Filmmaker and artist Lawrence Lekthe video Black cloud (2021) propose a scenario in which a now dehumanized world continues to employ scripts of memory, trauma, self-help, and validation in an effort to maintain defunct standards of civility and surveillance. The story unfolds through conversations between the city’s surveillance AI named Black Cloud and their therapist, Guanyin. In this work, artificial intelligence is presented not as a technological product or a generative tool that creates innovations, but as a container of affect and emotions. We are attaching an interview – a conversation between Leko and the curators Rachael Rakes and Reem Shadid touches on man-made catastrophe injuries to man-made creatures. A self-caregiver who regains spiritual freedom observes that “…the past fades away because it is only a memory. The future disappears because it didn’t happen. Always so. Tomorrow will never come.” The segment is delivered with Infrasonic.
Trondheim Art Hall is the largest international arena for contemporary art in Trondheim and the Trøndelag region. Through exhibitions and public programs, the Kunsthall interacts with the local scene, presents leading international artists as well as overlooked positions and connects with a large and diverse audience. Kunsthall Trondheim is located on local land in Åarjelsaepmie or in the south Saepmie / Sápmi / Sábme.
Infrasonic is a digital platform for non-western cultures. He records, analyzes and discusses the uncanniness of sound and its auras, linked to the world with the audible, the hidden and the sensitive. The platform includes archives of experimental audio and visual artists as well as theoretical reflections on contemporary critical thought. Infrasonica is pleased to join Xenia Benivolski and Lawrence Lek for the latest chapter of You Can’t Trust Music, along with editors Rachael Rakes and Reem Shadid.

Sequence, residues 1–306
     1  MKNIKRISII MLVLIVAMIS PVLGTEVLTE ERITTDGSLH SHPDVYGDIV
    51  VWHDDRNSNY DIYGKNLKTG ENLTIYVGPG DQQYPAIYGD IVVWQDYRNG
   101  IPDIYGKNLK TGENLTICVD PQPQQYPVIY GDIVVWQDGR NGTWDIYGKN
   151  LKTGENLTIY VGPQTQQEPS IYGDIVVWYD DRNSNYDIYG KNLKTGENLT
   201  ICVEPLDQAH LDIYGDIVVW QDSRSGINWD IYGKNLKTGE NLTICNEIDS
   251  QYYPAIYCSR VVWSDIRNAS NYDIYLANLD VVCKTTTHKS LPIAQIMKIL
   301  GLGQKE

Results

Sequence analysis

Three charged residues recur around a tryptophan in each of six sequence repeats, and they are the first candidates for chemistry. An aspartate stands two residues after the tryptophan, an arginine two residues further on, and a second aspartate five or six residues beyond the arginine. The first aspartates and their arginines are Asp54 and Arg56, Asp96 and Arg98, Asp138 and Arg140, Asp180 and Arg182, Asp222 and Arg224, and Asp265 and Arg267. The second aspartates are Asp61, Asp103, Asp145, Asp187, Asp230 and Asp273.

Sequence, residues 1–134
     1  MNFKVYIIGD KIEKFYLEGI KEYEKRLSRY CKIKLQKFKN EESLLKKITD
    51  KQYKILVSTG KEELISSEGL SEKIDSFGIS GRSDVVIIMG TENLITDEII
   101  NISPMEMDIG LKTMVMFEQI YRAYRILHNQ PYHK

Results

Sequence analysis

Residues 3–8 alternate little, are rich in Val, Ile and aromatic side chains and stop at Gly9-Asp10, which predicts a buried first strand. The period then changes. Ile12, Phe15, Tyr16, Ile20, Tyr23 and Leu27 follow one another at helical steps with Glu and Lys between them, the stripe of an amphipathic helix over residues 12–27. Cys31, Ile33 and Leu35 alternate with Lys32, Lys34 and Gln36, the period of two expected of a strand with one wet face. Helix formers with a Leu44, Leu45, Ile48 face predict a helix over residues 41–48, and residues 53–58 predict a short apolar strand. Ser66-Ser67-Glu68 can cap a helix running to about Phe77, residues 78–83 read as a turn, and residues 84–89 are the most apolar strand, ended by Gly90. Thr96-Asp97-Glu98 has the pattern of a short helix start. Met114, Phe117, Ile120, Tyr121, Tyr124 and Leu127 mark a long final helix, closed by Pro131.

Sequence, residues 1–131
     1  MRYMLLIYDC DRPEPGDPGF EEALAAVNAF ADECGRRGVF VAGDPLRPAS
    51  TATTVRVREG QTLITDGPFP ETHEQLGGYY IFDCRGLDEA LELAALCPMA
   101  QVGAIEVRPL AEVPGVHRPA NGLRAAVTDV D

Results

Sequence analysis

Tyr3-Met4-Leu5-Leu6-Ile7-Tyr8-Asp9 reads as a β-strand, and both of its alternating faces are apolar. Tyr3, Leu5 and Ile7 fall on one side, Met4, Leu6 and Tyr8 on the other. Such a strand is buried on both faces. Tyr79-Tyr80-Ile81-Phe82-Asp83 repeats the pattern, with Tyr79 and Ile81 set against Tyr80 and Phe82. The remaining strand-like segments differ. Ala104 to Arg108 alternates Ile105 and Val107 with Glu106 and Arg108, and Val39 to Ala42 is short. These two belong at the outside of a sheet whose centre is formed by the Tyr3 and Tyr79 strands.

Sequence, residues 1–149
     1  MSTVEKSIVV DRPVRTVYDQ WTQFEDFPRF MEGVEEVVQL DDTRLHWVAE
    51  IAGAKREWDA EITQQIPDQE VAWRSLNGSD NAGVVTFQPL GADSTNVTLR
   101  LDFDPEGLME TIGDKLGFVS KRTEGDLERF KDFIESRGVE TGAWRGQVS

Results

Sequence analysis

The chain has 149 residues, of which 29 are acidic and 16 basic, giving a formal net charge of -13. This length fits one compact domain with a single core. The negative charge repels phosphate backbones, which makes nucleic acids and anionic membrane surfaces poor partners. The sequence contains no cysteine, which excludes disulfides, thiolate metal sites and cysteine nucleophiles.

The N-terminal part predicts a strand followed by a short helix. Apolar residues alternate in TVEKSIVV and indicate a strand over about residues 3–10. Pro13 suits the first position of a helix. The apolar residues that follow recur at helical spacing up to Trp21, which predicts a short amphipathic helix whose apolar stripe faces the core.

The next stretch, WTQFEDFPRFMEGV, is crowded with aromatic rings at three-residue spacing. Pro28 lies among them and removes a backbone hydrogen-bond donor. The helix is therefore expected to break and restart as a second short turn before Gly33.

You can‘t Trust the music (YCTM) provided by e-flux is a research project that brings together sound-based artists, musicians, writers, composers and writers and explores how landscape, acoustics and musical thought contribute to the formation of social and political structures. It is presented on a platform created by it Knoth & Renner and created Knoth & Renner with John Holfeld.
YCTM’s e-flux.com website is made possible by funding from Canada Council for the Arts. He produces it e-flux and created in collaboration with M TREES, NTT Communications Center (ICC), Liquid architecture, York University Art Gallery, Kunsthall Trondheimand Infrasonic. This department should be especially grateful Theresa Wang, Jayne Wilkinson and Robert Steenkamer.
Curated by YCTM Ksenia Benivolski.
1 Ito, J., “Resisting Retrenchment: A Manifesto,” trans. H. Yamagata, Journal of Design and Science2017. https://doi.org/10.21428/8f7503e4.
2. Harney, S. and Moten, F. Base Faith, e-flux magazine 86 of 2017 in November https://www.e-flux.com/journal/86/162888/base-faith/, accessed 2023 January 15
4. Lewis, JE, Arista, N., Pechawis, A., & Kite, S. “Creating kinships with machines,” Journal of Design and Science2018. https://doi.org/10.21428/bfafd97b.